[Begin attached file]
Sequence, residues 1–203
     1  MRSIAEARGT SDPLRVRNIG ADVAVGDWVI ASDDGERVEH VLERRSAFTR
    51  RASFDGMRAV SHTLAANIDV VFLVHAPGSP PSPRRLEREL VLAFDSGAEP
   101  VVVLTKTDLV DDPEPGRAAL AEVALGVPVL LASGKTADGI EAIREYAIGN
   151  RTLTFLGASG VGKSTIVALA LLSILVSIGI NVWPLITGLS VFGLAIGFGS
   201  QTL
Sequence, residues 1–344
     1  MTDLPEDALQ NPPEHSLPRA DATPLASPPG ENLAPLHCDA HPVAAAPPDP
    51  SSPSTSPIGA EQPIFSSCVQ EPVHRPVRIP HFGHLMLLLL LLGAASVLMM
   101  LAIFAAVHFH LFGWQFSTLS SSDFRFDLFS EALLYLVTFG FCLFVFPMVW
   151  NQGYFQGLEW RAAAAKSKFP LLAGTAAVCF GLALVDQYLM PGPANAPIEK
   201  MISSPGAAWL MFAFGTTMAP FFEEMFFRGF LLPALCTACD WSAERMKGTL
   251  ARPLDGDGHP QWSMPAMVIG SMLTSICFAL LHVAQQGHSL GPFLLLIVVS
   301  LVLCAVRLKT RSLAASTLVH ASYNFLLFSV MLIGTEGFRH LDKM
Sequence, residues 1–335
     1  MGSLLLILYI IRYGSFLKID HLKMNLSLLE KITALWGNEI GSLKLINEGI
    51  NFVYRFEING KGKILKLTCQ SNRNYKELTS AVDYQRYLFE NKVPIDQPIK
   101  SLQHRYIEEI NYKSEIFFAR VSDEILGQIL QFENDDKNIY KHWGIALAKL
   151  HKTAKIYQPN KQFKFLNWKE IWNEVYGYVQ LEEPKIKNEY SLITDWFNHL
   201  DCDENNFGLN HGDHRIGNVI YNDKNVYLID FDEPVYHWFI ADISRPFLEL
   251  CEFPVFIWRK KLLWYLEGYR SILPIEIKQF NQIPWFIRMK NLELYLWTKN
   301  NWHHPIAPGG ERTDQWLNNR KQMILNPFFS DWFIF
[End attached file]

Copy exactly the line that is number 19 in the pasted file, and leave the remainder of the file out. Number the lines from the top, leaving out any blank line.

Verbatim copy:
   151  HKTAKIYQPN KQFKFLNWKE IWNEVYGYVQ LEEPKIKNEY SLITDWFNHL